STAMBERG: Forty cigarettes a day, loved fast cars, too. Big, hearty, disciplined Norman fellow, loving life and work.

In Giverny, devotedly, deliberately, in and around the house he would buy in 1890 - by then he was earning nicely, selling paintings to America - Monet created works of art that visitors, like Londoner Sara Whitham, can walk through today.

Ms. SARA WHITHAM: Well, his house is covered in ivy. I would say that was climbing ivy.

STAMBERG: But it's pink behind - pink paint.

Ms. WHITHAM: Yeah, kind of like a candy frost pink.

(Soundbite of laughter)


Ms. WHITHAM: Would you say?

STAMBERG: Yeah. And those bright green windows. What a combination. You wouldnt expect it.


STAMBERG: And we're going past the roses. Can you smell them?

Ms. WHITHAM: I was going to say, I smell it, absolutely gorgeous. It's amazing, you can almost imagine Monet here in his garden. His spirit's here.

STAMBERG: You stroll through a world of flowers at Giverny. Everywhere you look, yellow, pink and red roses on the ground and draping over metal arches, patches of bright red geraniums, purple lavender, deeper purple pansies, iris, impatiens, peonies.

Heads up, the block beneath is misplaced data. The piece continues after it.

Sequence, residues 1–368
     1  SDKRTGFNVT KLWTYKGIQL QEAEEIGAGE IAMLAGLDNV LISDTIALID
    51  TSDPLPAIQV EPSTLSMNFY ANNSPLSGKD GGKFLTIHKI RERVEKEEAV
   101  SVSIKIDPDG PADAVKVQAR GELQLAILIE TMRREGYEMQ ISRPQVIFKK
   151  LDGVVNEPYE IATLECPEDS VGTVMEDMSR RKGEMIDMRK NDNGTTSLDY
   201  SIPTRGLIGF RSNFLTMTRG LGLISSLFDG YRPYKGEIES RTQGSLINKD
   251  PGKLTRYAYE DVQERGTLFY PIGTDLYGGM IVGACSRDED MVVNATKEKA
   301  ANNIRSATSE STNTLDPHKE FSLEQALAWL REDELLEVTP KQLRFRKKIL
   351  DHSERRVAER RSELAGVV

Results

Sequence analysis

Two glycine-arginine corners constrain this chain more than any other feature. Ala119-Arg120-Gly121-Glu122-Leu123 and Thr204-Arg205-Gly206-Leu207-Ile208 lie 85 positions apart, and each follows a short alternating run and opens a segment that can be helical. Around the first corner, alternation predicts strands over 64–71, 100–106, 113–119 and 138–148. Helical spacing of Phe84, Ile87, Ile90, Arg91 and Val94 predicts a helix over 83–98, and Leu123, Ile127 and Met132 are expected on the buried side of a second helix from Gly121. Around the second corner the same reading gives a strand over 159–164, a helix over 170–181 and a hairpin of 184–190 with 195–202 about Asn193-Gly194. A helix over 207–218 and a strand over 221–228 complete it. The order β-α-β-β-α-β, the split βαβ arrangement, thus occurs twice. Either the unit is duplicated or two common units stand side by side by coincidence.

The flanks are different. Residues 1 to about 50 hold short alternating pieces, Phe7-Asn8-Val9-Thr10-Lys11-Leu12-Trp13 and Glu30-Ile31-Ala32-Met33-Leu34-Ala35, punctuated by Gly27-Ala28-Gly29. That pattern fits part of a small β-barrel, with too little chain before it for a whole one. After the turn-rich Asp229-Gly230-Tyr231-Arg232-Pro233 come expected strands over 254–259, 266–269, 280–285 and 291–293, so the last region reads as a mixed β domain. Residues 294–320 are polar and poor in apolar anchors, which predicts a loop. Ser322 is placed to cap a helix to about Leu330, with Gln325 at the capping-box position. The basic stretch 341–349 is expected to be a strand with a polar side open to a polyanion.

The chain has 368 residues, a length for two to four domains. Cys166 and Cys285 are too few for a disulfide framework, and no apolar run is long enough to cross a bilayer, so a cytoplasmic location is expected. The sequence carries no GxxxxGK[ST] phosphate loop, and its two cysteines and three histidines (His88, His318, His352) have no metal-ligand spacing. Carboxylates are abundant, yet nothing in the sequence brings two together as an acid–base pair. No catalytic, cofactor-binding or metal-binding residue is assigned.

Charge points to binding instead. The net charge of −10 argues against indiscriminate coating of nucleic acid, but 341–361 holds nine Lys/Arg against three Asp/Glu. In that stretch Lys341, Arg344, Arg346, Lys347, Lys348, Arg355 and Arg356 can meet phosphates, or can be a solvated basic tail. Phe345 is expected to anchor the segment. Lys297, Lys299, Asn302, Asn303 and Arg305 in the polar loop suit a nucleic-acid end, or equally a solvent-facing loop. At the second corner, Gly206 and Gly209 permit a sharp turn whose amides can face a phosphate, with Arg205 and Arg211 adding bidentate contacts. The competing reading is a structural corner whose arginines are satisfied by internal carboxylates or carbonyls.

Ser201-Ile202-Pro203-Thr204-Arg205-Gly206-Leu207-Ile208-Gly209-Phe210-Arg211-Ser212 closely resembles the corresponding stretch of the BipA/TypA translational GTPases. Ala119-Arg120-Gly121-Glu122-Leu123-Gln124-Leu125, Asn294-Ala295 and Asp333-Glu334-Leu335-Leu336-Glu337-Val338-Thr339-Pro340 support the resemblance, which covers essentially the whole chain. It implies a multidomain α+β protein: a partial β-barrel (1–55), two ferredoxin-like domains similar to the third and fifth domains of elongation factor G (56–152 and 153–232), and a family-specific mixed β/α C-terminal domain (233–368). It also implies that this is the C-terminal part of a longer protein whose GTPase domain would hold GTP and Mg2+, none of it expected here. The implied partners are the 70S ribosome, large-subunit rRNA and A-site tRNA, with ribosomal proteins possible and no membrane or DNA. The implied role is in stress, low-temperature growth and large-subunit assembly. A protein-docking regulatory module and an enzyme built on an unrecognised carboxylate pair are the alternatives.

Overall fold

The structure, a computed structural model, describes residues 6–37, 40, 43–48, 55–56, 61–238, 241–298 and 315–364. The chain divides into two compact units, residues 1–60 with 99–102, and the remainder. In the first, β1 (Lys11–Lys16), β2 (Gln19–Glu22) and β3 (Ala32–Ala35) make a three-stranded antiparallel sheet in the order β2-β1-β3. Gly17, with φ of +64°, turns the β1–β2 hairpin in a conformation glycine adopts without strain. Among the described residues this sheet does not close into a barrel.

Mr. NIGEL WHITTAKER: It's almost like he's flicked his paintbrush...

STAMBERG: Nigel Whittaker is here from Birmingham, England.

Mr. WHITTAKER: ...and it's just landed on the green. And it just looks like one of his paintings, and brings out all the color and the light.

STAMBERG: Claude Monet made this garden with the help of his family and six gardeners; planted it, nurtured it, changed it, composed it; splendor to be seen at every glance, outdoors as well as from inside the house.

Again, Normandy guide, Brigitte Mueller.

Ms. MUELLER: And the most beautiful thing here is the look out of the window. And if you'll look through the window, it's like a frame, it's like a picture. It's like a painting.

STAMBERG: Before Giverny, Monet painted what others had created: the cathedral at Rouen, haystacks, steam locomotives. But at Giverny, Monet made the subjects he wanted to paint. Place the flower beds just so, shape the paths in pleasing curves. In Giverny, he built his paintings first in flowers then in paint.

He bought some adjacent land and put in a pond. Small green footbridges span the pond, clumps of bamboo line the edges, willows bend toward their watery reflections. And the water just moving in soft little wavelets, little indentations. And the silence here - only the birds.